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IS IT WRONG TO WARN PEOPLE?

Life is filled with warnings. We receive warnings from the government about polluted water. We get warnings from weather-monitoring agencies about dangerous weather conditions. We see warning signs along the side of highways, in malls, and even on the labels of food products and medicine. I think most people appreciate appropriate warnings about existing or potential dangers.

Sometimes, however, when the warnings become personal, we become sensitive and defensive. We might simply close our ears and ignore what the doctor, teacher, or loved one has to say. In other cases, we may get angry and lash out at the one who has sounded the warning. And, if it is a warning made to a person or congregation about their spiritual actions, whew, the warner just might be labeled as a trouble-making, unloving person: “Who does he think he is warning me/us like that?!”

The truth is, in the Bible we read over and over again about warnings being sounded, either in verbal or written fashion. Read the following fact, accept it, and share it: the Godhead warns people. That is correct: the loving God of heaven is a Warner. Before the great flood came, Noah was “divinely warned of things not yet seen” (Hebrews 11:7). Jehovah charged the prophet Ezekiel to be a watchman to the house of Israel, telling him, “. . . and give them warning from Me” (Ezekiel 3:17). The Lord God wanted His people to be warned. About what? About spiritual dangers.

Warning people was part of Jesus’ teaching approach. He told His disciples, “Beware of false prophets, who come to you in sheep’s clothing, but inwardly they are ravenous wolves” (Matthew 7:15). The Holy Spirit is a Warner, too: “Now the Spirit expressly says that in latter times some will depart from the faith . . .” (1 Timothy 4:1). If the Godhead warns people, then, no, it is not sinful when God’s children do likewise.

Old Testament prophets were guided by the Spirit to warn people. Jeremiah warned princes, priests, and prophets (false ones). Again, we think of Ezekiel’s task among the Jewish captives in the region of Babylon. Reflect on these excerpts from God’s message to the prophet about what He wanted him to do: “. . . a watchman . . . give them warning from Me . . . warn the wicked . . . give him warning . . . warn the righteous . . .” (Ezekiel 3:17-21). When Jonah warned a whole city, saying, “Yet forty days, and Nineveh shall be overthrown!” (Jonah 3:4), thank God that those words did not fall on deaf ears. The Ninevites genuinely repented and were spared.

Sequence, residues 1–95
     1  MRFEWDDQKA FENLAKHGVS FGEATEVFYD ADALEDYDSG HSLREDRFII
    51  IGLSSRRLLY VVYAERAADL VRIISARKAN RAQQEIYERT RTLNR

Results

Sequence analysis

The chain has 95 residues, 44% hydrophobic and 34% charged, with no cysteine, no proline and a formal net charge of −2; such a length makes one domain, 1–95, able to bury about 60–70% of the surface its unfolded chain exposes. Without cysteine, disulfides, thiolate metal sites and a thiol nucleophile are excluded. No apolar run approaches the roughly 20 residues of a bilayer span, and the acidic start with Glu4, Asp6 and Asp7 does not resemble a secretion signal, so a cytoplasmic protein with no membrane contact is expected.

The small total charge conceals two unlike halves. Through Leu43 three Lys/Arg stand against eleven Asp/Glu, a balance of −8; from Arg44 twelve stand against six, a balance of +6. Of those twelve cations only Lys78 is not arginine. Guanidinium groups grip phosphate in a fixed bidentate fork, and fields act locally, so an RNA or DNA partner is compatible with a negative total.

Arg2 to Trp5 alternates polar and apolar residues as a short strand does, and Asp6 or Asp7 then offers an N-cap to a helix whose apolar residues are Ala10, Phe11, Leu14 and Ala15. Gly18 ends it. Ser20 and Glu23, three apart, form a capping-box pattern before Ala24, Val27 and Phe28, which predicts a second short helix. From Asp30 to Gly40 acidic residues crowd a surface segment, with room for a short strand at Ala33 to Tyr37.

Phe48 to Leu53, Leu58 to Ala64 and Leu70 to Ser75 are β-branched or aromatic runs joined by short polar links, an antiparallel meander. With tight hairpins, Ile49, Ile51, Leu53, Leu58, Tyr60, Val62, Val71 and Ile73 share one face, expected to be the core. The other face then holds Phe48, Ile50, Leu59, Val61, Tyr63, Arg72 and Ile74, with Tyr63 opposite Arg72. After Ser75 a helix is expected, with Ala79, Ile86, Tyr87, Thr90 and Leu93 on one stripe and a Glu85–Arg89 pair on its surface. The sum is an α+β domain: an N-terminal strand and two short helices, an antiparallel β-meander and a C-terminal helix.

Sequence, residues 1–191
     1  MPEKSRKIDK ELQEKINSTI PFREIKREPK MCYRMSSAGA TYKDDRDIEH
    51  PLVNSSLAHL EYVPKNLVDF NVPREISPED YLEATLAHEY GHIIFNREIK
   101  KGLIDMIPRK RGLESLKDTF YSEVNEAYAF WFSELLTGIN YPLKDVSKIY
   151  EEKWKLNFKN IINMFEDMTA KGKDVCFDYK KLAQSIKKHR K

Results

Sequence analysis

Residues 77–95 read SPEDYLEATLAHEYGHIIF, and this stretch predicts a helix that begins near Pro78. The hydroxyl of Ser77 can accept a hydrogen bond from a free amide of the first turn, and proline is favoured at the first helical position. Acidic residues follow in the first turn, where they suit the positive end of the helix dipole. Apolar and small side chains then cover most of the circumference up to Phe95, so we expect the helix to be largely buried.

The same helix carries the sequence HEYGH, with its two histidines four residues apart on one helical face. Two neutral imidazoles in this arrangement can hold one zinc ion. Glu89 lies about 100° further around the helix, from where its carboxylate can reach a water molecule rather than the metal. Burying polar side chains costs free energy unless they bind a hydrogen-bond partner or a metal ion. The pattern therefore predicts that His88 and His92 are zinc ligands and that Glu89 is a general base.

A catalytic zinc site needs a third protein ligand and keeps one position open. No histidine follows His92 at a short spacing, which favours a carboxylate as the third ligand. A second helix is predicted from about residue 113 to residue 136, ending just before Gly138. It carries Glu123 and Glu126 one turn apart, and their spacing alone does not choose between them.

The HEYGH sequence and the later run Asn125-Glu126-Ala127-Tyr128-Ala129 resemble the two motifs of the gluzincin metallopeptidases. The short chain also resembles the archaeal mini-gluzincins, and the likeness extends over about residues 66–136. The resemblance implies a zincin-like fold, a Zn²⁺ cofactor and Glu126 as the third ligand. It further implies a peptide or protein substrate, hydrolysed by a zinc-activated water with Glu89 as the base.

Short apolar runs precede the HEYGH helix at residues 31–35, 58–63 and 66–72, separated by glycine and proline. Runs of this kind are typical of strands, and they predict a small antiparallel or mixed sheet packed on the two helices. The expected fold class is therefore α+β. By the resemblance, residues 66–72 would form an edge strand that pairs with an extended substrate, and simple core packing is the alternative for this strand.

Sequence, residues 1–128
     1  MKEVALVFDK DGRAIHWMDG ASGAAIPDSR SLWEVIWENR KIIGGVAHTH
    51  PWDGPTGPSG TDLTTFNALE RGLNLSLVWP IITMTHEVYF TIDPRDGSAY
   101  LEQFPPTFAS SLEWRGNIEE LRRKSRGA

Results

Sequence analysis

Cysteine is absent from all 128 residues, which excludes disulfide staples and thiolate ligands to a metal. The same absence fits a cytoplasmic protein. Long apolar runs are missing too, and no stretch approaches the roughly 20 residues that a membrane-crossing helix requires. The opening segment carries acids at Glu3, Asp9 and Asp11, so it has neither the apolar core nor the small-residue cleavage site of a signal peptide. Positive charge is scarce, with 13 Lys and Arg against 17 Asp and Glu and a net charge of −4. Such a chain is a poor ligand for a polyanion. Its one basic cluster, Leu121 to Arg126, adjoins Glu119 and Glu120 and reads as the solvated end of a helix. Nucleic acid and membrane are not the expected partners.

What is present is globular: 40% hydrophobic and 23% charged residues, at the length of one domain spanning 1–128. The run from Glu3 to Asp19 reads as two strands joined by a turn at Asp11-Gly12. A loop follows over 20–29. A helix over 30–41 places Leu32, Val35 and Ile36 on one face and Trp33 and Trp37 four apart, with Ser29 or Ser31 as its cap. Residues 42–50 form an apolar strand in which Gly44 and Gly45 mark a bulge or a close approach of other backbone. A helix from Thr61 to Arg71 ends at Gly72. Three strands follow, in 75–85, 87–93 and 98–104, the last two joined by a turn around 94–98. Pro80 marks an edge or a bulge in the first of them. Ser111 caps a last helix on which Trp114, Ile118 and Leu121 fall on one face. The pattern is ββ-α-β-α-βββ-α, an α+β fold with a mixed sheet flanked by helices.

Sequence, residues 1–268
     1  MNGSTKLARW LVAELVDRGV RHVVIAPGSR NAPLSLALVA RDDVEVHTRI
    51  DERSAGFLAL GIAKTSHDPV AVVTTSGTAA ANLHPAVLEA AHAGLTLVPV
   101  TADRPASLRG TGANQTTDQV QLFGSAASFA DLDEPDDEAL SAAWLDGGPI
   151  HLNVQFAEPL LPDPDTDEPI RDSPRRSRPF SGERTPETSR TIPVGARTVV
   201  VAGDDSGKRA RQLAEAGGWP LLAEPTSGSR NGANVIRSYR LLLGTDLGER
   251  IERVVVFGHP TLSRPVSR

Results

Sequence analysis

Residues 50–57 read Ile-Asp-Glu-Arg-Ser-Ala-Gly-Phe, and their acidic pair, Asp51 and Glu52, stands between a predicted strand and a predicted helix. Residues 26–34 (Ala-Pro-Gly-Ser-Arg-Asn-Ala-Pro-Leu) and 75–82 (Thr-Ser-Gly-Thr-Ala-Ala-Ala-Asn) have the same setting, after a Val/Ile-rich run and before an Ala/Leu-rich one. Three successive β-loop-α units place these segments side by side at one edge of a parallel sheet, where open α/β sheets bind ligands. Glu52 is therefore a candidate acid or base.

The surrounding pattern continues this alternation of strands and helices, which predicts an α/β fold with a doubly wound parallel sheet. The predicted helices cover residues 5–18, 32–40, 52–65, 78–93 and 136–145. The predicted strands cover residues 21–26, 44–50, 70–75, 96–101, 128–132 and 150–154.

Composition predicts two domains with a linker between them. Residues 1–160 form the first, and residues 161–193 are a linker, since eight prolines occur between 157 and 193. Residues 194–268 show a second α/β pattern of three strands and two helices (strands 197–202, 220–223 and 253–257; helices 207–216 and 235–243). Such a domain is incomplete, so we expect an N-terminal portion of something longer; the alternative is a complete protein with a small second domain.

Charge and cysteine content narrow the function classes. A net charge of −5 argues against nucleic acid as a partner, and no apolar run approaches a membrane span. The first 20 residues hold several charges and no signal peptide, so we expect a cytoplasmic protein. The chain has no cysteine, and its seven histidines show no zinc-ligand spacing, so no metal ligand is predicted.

As the apostle Paul told overseers from the church in Ephesus that savage wolves would come in among the flock of God to destroy it, he reminded them, “Therefore watch, and remember that for three years I did not cease to warn everyone night and day with tears” (Acts 20:31). Wow, three years of ongoing warning. Apostles are not the only ones who communicated by using warnings. The saints in Thessalonica were instructed, “Now we exhort you, brethren, warn those who are unruly . . .” (1 Thessalonians 5:14). Warning the unruly was the right thing to do in the first century. It still is.

On the part of the warners, let them: (1) give warnings with the right motive – sincere love for the person(s) in spiritual danger, (2) show a gentle, humble spirit when doing it (2 Timothy 2:24,25), and (3) do it with the right goal in mind – “that they may be sound in the faith” (Titus 1:13).

On the part of the warnees/the warned, let them (1) consider and evaluate the truthfulness of what is said and (2) not resent, despise, or shoot the messenger. Folks are not our enemies just because they tell us the truth (Galatians 4:16).

We feel pity on those congregations which never, ever hear a biblical message of warning from its teachers and preachers. We also feel sorry for those local churches which basically hear nothing but warnings. Some Bible teachers choose never to warn, while others seemingly make warnings the major thrust of every lesson. Methinks both of these approaches fail to meet what God wants from teachers and preachers of the gospel. Look at the “combo” style of Timothy and Jeremiah’s messages (2 Timothy 4:2; Jeremiah 1:10). They informed, warned, rebuked, encouraged, and built up.

People need to hear what the Bible says about grace, love, forgiveness, fellowship with God, and heaven. They also need to hear warnings about rebellion against God and eternal punishment.

Is it wrong to warn people? The biblical evidence is overwhelming – no, it is not out of place to warn people about spiritual dangers.

Roger D. Campbell

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